How Artificial Intelligence is helping tackle environmental challenges

We can’t manage what we don’t measure, goes the old business adage. This rings true more than ever today as the world faces a triple planetary crisis of climate change, nature and biodiversity loss, pollution, and waste.

More climate data is available than ever before, but how that data is accessed, interpreted and acted on is crucial to managing these crises. One technology that is central to this is Artificial Intelligence (AI).

So, what exactly does AI mean?

“AI refers to systems or machines that perform tasks that typically require human intelligence, and can iteratively improve themselves over time, based on the information they collect,” says David Jensen, coordinator of the United Nations Environment Program’s (UNEP’s) Digital Transformation sub-programme.

Jensen highlights several areas where AI can play a role in tackling environmental challenges, from designing more energy-efficient buildings to monitoring deforestation to optimizing renewable energy deployment.

“This can be on a large scale – such as satellite monitoring of global emissions, or a more granular scale – such as a smart house automatically turning off lights or heat after a certain time,” he adds.

Informing real-time analysis

UNEP’s World Environment Situation Room (WESR), launched in 2022, is one digital platform that is leveraging AI’s capabilities to analyze complex, multifaceted datasets.

Supported by a consortium of partners, WESR curates, aggregates and visualizes the best available earth observation and sensor data to inform near real-time analysis and future predictions on multiple factors, including CO2 atmospheric concentration, changes in glacier mass and sea level rise.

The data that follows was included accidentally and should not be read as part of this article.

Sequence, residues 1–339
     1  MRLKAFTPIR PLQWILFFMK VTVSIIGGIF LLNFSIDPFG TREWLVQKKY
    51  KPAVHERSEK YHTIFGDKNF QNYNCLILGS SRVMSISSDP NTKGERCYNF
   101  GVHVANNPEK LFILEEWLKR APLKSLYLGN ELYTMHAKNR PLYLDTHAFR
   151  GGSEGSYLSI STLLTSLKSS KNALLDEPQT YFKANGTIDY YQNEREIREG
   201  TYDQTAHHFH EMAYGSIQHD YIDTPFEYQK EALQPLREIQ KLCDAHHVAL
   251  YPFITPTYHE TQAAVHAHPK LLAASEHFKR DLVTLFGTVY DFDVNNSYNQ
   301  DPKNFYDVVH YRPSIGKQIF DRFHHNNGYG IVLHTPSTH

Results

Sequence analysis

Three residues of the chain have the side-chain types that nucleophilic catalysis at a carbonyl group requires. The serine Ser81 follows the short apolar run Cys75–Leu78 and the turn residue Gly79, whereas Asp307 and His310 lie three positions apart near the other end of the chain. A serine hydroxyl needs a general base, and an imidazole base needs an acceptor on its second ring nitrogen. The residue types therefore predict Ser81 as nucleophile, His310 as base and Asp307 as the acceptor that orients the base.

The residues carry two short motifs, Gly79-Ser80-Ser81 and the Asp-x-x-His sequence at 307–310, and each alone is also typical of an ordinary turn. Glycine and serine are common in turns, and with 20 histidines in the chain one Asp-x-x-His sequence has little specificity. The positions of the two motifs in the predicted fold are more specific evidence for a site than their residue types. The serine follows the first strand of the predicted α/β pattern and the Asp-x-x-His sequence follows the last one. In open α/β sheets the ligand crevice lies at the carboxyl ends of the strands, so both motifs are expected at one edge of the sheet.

“WESR is being developed to become a user-friendly, demand-driven platform that leverages data into government offices, classrooms, Mayor’s offices, and boardrooms,” says Jensen. “We need credible, trustworthy and independent data to inform decisions and drive transparency – WESR provides this,” he adds.

“Over time, the goal is for WESR to become like a mission control centre for planet earth, where all of our vital environmental indicators can be seamlessly monitored to drive actions.”

Monitoring methane emissions

One of the UNEP-led initiatives inside the WESR digital ecosystem is the International Methane Emissions Observatory (IMEO), which leverages AI to revolutionize the approach to monitoring and mitigating methane emissions.

The platform operates as a global public database of empirically verified methane emissions. It leverages AI to strategically interconnect this data with action on science, transparency, and policy to inform data-driven decisions.

“IMEO’s technology allows us to collect and integrate diverse methane emissions data streams to establish a global public record of empirically verified methane emissions at an unprecedented level of accuracy and granularity,” Jensen says.

“Reducing the energy sector’s methane emissions is one of the quickest, most feasible, and cost-effective ways to limit the impacts of climate warming, and reliable data-driven action will play a big role in achieving these reductions,” he adds.



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